Star rating - 8/10
Young actor Perry Fitzpatrick proves that he can carry off a big performance in his role as Arthur Seaton in ‘Saturday Night and Sunday Morning’ at the Royal Exchange. As the narrator of the play, Perry carries each and every scene with an assured, swaggering, and charismatic performance as cock of the north - or in this case Nottingham . And I’ve never seen an actor called to get dressed and undressed so much in a single play.
Perry is from Nottingham himself, so this seems a part tailor made for him in every way. Arthur works at the Raleigh cycle factory, and loves nothing more than to spend his wages on sharp suits and beer. He spends his time in a heady cocktail of rebelling against authority, and chasing married women. He’s a bad boy that you can’t help but love for his charm and hidden heart of gold.
Directed by the accomplished Exchange veteran Matthew Dunster, it got off to a bit patchy start. The echoes at the same time as the actors speaking didn’t really work, and the actors coming on in triplicate as the same character seemed unnecessarily diverting. The scenery malfunction with one of the lights crashing to the floor can’t have helped much. But the second half really fizzed along, and the fairground scene at the Goose Fair was brilliant.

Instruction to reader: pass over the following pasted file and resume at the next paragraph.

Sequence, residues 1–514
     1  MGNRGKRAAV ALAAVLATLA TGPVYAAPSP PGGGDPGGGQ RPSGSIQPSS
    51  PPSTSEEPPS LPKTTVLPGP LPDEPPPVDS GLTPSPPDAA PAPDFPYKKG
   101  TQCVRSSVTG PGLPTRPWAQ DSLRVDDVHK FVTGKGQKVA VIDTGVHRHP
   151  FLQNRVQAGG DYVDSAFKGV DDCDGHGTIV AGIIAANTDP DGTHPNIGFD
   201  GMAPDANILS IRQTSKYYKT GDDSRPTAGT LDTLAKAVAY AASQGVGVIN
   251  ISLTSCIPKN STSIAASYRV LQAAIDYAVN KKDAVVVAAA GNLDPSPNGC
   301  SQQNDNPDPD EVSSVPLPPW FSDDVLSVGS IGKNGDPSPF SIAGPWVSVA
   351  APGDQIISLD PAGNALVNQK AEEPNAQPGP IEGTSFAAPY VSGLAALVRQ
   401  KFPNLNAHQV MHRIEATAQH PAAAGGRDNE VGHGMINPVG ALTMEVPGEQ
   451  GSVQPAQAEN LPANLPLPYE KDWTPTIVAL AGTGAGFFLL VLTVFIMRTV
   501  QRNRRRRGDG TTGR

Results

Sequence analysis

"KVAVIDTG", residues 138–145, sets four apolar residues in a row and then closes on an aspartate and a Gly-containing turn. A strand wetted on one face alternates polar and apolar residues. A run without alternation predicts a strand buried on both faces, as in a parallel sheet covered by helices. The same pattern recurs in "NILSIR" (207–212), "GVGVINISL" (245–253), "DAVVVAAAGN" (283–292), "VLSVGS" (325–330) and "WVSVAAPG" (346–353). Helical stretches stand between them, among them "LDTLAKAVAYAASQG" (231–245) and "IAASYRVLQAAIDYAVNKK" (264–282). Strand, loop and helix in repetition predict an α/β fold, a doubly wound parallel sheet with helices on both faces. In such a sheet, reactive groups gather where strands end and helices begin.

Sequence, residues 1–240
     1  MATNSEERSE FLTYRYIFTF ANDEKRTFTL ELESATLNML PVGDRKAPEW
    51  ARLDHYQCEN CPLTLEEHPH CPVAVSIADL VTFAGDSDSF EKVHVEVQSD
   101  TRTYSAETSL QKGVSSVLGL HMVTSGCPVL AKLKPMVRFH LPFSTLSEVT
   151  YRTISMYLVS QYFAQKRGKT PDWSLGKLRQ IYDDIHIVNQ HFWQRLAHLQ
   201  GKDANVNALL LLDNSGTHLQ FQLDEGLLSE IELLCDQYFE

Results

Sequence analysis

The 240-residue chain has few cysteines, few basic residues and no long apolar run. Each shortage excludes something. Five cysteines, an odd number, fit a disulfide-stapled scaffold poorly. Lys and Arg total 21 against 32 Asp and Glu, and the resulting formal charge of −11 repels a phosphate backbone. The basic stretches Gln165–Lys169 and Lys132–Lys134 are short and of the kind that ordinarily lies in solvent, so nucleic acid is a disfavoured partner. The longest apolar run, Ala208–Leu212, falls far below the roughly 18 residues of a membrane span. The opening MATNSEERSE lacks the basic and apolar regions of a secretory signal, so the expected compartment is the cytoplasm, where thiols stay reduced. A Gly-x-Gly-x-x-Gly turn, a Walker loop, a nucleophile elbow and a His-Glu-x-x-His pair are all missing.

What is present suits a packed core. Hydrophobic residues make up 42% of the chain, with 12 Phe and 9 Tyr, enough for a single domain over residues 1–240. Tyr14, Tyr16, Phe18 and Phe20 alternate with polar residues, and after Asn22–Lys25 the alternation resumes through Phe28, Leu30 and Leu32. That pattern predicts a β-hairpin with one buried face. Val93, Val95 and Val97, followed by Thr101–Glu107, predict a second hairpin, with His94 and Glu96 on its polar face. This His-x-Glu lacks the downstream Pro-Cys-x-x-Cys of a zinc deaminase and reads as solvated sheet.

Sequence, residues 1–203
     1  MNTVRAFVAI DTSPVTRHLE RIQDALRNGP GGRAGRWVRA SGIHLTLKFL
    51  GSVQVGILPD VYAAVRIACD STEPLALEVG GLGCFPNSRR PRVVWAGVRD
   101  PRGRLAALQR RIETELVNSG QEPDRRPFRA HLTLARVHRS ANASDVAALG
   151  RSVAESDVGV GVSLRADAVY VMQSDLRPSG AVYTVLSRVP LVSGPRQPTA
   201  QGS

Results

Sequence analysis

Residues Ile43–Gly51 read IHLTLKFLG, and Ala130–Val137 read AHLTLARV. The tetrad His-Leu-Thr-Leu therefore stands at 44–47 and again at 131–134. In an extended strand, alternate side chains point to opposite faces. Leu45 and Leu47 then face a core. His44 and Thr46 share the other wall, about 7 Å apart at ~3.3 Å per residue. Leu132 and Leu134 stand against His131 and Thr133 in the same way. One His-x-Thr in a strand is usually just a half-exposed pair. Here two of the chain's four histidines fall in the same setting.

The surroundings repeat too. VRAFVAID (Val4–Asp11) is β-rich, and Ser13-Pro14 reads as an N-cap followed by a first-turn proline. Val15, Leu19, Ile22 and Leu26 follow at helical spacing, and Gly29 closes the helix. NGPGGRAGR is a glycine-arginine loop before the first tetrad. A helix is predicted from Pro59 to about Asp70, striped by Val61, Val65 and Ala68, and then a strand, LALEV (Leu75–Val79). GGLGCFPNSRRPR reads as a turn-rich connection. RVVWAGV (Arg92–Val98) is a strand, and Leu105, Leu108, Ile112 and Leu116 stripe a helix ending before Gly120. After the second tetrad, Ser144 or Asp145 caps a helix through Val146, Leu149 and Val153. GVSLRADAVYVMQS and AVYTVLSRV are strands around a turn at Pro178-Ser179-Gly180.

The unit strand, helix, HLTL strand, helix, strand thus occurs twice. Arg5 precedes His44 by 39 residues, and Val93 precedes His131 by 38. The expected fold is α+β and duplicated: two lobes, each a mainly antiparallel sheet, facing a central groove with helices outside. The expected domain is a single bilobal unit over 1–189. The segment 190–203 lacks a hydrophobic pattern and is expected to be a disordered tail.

There are other impressive performances from Clare Calbraith as one of Arthur’s married love interests, Brenda; especially a long and harrowing scene involving that old wives’ remedy for an unwanted pregnancy - a very hot bath and too much gin. Tamla Kari is spirited as Doreen - the one who finally tames him into domesticity– or at least who thinks she has.
Adapted from Alan Sillitoe’s 1958 novel, this play is still hard hitting, though obviously now more of a period piece than a commentary on current morality and society, but it’s still seriously good drama. So it’s a major return to form for the Exchange, and a sizzling performance to remember from Perry Fitzpatrick.